The National Comprehensive Cancer Network recommends specific guidelines for cancer treatment depending on tissue of origin and stage. There are cancers that are considered “high risk,” meaning, there is an increased likelihood of either recurrence or metastatic spread. For example, triple negative breast cancer is the most aggressive breast cancer, and NCCN guidelines suggests neoadjuvant chemotherapy (chemotherapy prior to surgery) and/or adjuvant chemotherapy (chemotherapy after surgery) for 4 cycles. Similarly, colon cancer that involves the lymph nodes, carries an increased risk for recurrence and or metastatic spread, and again, NCCN guidelines recommend adjuvant chemotherapy. Unfortunately, with these “high risk” cancers, there is a higher likelihood that there will be a recurrence. Standard guidelines have no further recommendations following adjuvant chemotherapy; we simply watch and wait.
Ammonium tetrathiomolybdate (TM) is an oral copper chelator, that was originally developed to treat Wilson’s disease, which is an inherited disease in which the individual is unable to excrete excess copper. This drug binds to copper and causes excretion of the copper in the stool, thereby lowering the individuals copper levels. Copper is essential for activation of many growth factors for cancer. By inactivating cancer growth factors, through copper depletion, TM is extremely effective at preventing angiogenesis (development of new blood vessels for cancer growth), and thereby, decreasing cancer recurrence and progression. Multiple studies have been performed with TM, yet despite its efficacy, the drug has received little fanfare. The primary reason for the lack of attention to the efficacy of this drug is that TM is no longer produced by the pharmaceutical industry. The patent on this drug has long expired, and with Wilson’s disease being a rare disorder, there is no monetary incentive for the pharmaceutical industry to participate in the manufacturing process.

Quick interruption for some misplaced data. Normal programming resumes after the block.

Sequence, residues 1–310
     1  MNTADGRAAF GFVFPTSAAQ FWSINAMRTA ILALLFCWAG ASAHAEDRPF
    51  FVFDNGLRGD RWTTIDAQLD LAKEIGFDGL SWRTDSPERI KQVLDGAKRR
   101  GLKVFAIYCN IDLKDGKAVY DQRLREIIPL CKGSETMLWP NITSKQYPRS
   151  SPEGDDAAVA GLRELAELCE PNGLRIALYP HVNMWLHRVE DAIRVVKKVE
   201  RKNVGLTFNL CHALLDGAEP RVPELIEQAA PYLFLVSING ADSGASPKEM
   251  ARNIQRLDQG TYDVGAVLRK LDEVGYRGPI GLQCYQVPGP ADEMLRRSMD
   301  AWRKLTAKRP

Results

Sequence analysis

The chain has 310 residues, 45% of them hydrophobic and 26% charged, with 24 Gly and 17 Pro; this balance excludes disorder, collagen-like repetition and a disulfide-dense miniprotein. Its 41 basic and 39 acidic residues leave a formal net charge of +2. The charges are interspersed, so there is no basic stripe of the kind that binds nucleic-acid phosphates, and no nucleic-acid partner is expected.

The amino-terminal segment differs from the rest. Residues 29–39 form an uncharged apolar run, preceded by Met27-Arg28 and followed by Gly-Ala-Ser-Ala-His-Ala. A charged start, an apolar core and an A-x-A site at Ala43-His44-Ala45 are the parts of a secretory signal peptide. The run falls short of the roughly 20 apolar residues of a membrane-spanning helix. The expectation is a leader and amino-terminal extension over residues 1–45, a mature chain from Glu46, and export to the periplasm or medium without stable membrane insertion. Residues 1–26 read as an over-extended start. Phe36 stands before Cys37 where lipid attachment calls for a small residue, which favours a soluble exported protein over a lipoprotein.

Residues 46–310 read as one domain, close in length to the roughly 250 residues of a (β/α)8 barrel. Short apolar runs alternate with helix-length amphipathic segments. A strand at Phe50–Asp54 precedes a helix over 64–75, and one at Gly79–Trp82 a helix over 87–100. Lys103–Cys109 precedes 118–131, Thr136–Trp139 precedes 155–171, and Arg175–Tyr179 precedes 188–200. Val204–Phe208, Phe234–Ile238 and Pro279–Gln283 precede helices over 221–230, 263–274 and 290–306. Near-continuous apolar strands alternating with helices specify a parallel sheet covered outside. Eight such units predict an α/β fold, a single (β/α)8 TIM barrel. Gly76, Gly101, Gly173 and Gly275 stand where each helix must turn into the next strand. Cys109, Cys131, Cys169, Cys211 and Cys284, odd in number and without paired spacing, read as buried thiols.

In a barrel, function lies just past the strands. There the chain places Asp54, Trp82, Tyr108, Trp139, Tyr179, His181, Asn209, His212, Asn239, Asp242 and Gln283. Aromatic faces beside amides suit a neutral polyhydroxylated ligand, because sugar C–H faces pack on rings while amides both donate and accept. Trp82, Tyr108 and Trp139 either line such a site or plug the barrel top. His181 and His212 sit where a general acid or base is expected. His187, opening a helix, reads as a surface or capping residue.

For further information, including human trials performed with TM, please see powerpoint presentation.